In Germany, some 300 000 entrepreneurs take the plunge into self-employment each year. Start-ups are of vast significance for the economy: not only do they create new jobs, they also drive competitiveness and innovation in a social market economy.
Education plays a central role in integrating refugees. More than half of the refugees arriving in Germany are younger than 25, an age when education is most needed. Many have gained a university entrance qualification in their home country, or had commenced or completed a degree programme there. With funding from the Federal Ministry of Education and Research (BMBF), the DAAD (German Academic Exchange Service) has developed a set of targeted measures to enable universities to offer those refugees with sufficient academic qualification access to higher general and higher vocational education.
The Social and Economic Council of the Netherlands (SER) has published a report on VET, which emphasises the importance of intensifying cooperation between schools and enterprises. The aim is to be responsive to, and able to keep up with, the pace of innovation.
One of the EU’s headline targets is increasing the number of tertiary graduates, focusing mainly on academic studies. The project Work-based learning programmes in the tertiary training sector - an international comparative analysis of models and functions published its results at the end of 2017, pointing out that this approach is too narrow. The growing importance of work-based learning programmes in tertiary education and training needs to be taken more into consideration.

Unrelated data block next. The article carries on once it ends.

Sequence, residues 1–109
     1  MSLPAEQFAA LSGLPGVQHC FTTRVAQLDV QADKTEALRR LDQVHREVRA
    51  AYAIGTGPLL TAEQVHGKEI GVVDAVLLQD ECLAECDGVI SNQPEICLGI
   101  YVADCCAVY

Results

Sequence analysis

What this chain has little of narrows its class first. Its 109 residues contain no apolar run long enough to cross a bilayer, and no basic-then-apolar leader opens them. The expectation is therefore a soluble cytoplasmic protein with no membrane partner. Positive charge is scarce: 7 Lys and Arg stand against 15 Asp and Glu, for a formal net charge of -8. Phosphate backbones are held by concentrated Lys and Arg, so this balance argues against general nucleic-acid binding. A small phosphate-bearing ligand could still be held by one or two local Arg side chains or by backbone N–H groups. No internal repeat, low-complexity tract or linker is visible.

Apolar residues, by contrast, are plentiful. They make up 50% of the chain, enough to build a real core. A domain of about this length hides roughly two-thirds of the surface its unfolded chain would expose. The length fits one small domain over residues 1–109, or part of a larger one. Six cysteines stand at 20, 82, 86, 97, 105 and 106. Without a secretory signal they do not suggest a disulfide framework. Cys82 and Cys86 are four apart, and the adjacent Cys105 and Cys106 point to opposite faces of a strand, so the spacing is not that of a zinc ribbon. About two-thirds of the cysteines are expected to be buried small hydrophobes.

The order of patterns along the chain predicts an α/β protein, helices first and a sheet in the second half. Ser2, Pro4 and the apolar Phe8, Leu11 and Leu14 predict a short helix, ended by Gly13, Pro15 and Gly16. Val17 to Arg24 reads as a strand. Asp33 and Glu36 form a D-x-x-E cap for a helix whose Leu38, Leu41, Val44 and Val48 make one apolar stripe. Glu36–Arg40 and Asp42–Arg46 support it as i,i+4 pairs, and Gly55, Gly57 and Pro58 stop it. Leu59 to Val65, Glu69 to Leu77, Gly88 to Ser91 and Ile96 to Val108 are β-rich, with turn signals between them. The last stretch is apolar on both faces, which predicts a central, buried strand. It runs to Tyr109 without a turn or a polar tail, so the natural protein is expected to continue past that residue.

Around 77.3% of the country’s companies offered some kind of training activity to their workers in 2015, an increase from 65% in 2010. The share of workers who attended a training course also rose from 45.4% in 2010 to 52.2% in 2015. These are the results of the continuing vocational training survey carried out every five years by the Ministry of Employment and Social Security among enterprises with five or more employees.
In 2017 the Early School Leavers Unit (ESLU) published ‘A Study Focusing on Students dropping out from Post-Secondary Education in Malta in the Scholastic Year 2015-16’.
The Portuguese Government launched the Youth pass certificate in November 2017. This is a recognition and validation instrument for competences acquired by young people via non-formal education; it is also a personalised free-of-charge certificate that, over time, can be updated with new competences.
The Portuguese Directorate-General for Employment and Labour Relations (DGERT) and the ReferNet team had a meeting with representatives of VET-related national entities on 12 December 2017 at the premises of the Ministry of Labour, Solidarity and Social Security. The aim of the meeting was to establish a network of ReferNet Portugal and national entities to cooperate in carrying out the ReferNet’s 2018 work plan.
State of art 2016, a document on VET and employment for those with disabilities, was presented in public on 2 June 2017 at the Institute for Employment and Vocational Training (IEFP). The event was attended by 42 VET providers from all over the country.